By Paul Jeebah Albert|
The delegitimization of the contentious presidential election by the Kenyan Supreme Court comes before the season of yet another hotly contested Liberian presidential election that is to be held in October of 2017. The earth-shaking event which has set a new precedent in the modern history of African elections and democracy, should serve as an admonition to the National Elections Commission (NEC) of Liberia that fraudulent elections are indefensible and they do have dire consequences. https://www.washingtonpost.com/).
The re-ordered Kenyan election brings back a nostalgia of the heated 1985 election debacle in Liberia, when the late Election Chairman Emmett Harmon setup a panel of carefully selected individuals whom he called a “group of concerned citizens at the OAU village to tally the votes.” What was most cynical about the entire episode was that the vote counting procedure lasted for almost a month; moreover, no constitutional provisions stipulated such an activity.
All hell broke loose when the election results were finally announced declaring the late President Samuel K. Doe the winner instead of Jackson F. Doe who was considered as the most favored candidate.
However, Kenya’s judiciary unlike Liberia’s stood firmly this time against the naked aggression and exploitation of the constitutional rights of the Kenyan people by sending a message across the globe that the popular wishes, dreams and aspirations of the African people will not always be subsumed by the greed and personal aggrandizement of unconscionable politicians.
Some prominent individuals and political action groups have already filed several complaints and law suits in court against the NEC concerning various election procedure irregularities. Included amongst the lawsuits have been the one filed by Dr. Togba Nah Tipoteh with the headline on the Perspective website that read, “Tipoteh takes Korkoya to court,” wherein he challenges the legality of the chairman of the NEC, Mr. Korkoya’s Liberian citizenship.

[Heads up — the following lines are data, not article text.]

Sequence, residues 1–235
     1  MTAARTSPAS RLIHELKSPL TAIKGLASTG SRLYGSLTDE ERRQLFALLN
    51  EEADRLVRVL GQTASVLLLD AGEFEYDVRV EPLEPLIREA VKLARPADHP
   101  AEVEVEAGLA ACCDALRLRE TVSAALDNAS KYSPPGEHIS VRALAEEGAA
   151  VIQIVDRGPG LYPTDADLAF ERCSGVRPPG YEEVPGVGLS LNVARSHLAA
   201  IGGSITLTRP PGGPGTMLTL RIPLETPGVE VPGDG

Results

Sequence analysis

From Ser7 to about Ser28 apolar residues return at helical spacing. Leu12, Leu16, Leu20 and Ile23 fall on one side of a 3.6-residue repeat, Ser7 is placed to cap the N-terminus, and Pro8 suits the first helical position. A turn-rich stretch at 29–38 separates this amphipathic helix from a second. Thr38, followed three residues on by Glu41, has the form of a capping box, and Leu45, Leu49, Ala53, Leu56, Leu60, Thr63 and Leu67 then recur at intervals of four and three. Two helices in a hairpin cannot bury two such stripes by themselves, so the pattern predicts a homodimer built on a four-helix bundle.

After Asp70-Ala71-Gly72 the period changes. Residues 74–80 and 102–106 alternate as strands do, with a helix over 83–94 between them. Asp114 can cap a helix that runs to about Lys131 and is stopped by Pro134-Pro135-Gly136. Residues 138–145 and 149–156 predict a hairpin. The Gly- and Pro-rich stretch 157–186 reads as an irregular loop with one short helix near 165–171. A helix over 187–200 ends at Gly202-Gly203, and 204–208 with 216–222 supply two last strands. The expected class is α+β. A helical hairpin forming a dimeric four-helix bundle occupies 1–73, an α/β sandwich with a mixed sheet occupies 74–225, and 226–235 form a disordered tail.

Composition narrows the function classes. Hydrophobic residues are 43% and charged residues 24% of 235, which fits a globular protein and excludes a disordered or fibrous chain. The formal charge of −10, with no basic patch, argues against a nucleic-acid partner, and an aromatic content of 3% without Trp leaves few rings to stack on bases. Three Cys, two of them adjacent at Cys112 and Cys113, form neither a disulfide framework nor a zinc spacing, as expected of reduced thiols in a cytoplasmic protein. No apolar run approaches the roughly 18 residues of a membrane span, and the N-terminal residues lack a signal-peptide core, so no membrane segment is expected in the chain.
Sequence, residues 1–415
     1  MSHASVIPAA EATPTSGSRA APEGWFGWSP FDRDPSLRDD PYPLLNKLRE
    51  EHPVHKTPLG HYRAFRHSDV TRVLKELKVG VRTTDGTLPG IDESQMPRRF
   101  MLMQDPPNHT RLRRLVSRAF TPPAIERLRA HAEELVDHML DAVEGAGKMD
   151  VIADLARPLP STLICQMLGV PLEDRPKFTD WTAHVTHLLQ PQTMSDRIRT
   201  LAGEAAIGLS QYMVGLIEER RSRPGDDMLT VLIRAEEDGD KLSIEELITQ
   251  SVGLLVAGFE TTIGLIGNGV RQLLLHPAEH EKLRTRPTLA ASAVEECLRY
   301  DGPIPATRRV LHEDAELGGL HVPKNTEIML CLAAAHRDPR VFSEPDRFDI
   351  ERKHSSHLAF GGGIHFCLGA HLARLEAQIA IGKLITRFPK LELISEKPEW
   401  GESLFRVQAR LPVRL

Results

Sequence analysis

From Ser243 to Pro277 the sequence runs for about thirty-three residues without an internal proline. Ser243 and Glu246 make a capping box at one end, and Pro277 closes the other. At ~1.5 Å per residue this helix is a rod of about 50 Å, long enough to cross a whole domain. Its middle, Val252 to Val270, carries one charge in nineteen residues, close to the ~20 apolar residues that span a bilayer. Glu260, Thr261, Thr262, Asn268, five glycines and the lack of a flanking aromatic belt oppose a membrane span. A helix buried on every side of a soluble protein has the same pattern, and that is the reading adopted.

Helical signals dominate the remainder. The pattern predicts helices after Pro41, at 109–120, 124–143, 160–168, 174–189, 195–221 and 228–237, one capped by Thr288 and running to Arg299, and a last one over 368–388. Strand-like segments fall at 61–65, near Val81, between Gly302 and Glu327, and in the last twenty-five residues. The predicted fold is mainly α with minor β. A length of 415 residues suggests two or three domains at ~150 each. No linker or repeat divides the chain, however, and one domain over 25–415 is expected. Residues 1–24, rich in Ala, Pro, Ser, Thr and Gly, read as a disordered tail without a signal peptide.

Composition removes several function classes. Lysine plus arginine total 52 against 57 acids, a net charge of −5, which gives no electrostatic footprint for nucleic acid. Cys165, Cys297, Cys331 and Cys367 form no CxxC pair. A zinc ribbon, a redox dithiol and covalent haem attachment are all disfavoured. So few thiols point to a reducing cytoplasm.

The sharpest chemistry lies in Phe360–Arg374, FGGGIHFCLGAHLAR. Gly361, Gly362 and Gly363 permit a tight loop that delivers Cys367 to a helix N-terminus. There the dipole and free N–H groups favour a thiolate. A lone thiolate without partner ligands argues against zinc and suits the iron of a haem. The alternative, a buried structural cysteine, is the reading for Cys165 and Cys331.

Other numerous headlines which foretell ominous signs of things to come are:
“Unfair practices of the NEC”: 2017 annual message delivered by Dr. Togba Nah Tipoteh; “NEC Commissioner Jonathan Weedor decries Chairman Korkoya’s scam that will lead to rigged 2017 elections in Liberia”: position statement issued by Commissioner Weedor; “NEC chairman must stop casting blame and deceiving the Liberian people”: written by John H.T. Stewart; “Manipulation hurts, how could Liberia avoid manipulation of the 2017 election”: written by James Thomas Queh; and “NDC takes Jerome G. Korkoya to court”:
A press release issued by NDC Election fraud is not new to Liberia. Its history is replete with numerous instances of fraudulent elections and catastrophic ramifications that ensued. So, the concerns and complaints of the various opposition members should not be taken lightly.
Some universal indicators of troubled elections are: When national election committees are incapable of conducting a transparent election; when journalists are arrested and placed under a state of emergency for expressing themselves; when voters are misinformed on election procedures and how to make the proper choices; when foreign observers and observers at home are expressing some reservations about the illegality of the electoral process; when the margin of victory is so narrow that it clearly shows that the winner does not have a convincing mandate to lead the country; when a state of emergency is invoked and members of opposition parties are harassed, arrested, or incarcerated under a suspended writ of habeas corpus ad subjiciendum; when cameras and other electronic devices clearly produce evidence of instances of fraudulent voting practices; and when government is clamping down on civil society groups, and the citizens are fearing for their personal safety and wellbeing because they are exercising their constitutional rights and expressing their personal opinion.
Rigged elections often provoke war, social, political, and economic unrest in a country where the leader becomes insecure, unpopular and either despotic or totalitarian. This arises from the fact that since he is unable to rally popular support from the governed, he must derive his power from a henpecked judiciary, a corrupt legislative branch or various repressive military and paramilitary groups. Liberia has been on this path and it cannot afford to revisit it.
Therefore, Liberians in their various voting precincts should rise to the occasion in October and prove to the world that we are a people who are capable of recognizing the humanity of each other; capable of running functional democratic institutions; capable of conducting free and fair elections; and moreover, capable of self-government.
Paul Jeebah Albert resides in Spencer, North Carolina
Source: The Liberian Dialogue